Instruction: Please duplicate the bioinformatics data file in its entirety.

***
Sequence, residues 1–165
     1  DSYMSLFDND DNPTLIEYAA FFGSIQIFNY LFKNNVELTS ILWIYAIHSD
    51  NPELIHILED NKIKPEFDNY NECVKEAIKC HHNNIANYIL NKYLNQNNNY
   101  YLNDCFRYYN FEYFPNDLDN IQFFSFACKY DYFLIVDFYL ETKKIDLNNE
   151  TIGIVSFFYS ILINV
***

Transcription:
Sequence, residues 1–165
     1  DSYMSLFDND DNPTLIEYAA FFGSIQIFNY LFKNNVELTS ILWIYAIHSD
    51  NPELIHILED NKIKPEFDNY NECVKEAIKC HHNNIANYIL NKYLNQNNNY
   101  YLNDCFRYYN FEYFPNDLDN IQFFSFACKY DYFLIVDFYL ETKKIDLNNE
   151  TIGIVSFFYS ILINV